My goodness, how comprehensively the people have confirmed that prediction. They have responded to the EU’s own proffered democratic fig-leaf, the “European parliament”, with a qualified uninterest shown in declining rates of participation election by election since its inception in 1979 and rising fractions of disobliging anti-EU MEPs (which may tell us who is bothering to vote). In national elections, today, the technocratic centre-left/social democratic nexus which once seemed to be omnipotent is, in almost all continental countries, either crumbling or a smoking ruin. The drum-roll of collapse has been relentless in the foundation states of France, Germany and the Netherlands but also in Austria, Denmark, Sweden and Finland; and in the increasingly alienated East, the former Warsaw Pact nations from Poland to Hungary have heard a nastily soviet ring in appeals for ‘European solidarity’ over demands to submit to immigration quotas imposed by Qualified Majority Voting.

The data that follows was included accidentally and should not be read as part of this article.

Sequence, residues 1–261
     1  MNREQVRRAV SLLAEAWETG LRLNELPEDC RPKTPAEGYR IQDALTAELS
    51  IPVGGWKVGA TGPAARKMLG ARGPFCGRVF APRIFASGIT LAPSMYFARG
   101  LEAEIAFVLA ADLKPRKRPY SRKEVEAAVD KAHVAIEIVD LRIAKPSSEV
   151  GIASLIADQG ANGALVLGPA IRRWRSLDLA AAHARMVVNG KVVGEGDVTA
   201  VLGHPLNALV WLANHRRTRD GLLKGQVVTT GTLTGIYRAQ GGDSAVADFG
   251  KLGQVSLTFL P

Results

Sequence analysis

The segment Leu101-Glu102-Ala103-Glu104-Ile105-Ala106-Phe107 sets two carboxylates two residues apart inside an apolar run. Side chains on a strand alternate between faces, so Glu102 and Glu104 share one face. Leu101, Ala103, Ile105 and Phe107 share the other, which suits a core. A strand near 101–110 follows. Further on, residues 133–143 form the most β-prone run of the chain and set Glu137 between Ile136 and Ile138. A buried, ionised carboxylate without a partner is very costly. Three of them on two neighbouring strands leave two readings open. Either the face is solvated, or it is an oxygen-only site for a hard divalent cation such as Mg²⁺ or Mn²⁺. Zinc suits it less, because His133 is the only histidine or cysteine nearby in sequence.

And now Italy. In his blog on this site (“The Euro crisis: forgotten but not gone”), Robert Lee pointed out the inherent contradictions and consequent dangers within the Eurozone. From the Left, the Nobel Prize winning economist Joseph Stiglitz has argued (The Euro and Its Threat to the Future of Europe,2016) that it is a Bunbury: its structural contradictions mean that it cannot live and therefore it must be quite exploded if the ‘project,’ in which he greatly believes, is to be saved from it. Having struggled through the Snake and the Exchange Rate Mechanism episodes, Delors’ single currency démarche was the greatest demonstration of the Monnet Method in practice. But as member economies have diverged rather than converged, as was hoped for and expected, with advantage accruing to Germany and pain throbbing south of the Alps, it has spectacularly back-fired. In retrospect, it can be seen that the much premature introduction of the Euro to try to force the pace towards political union, has been the greatest geo-political mistake of the Federalists, infecting the entire project with a wasting disease that remorselessly destroys its legitimacy.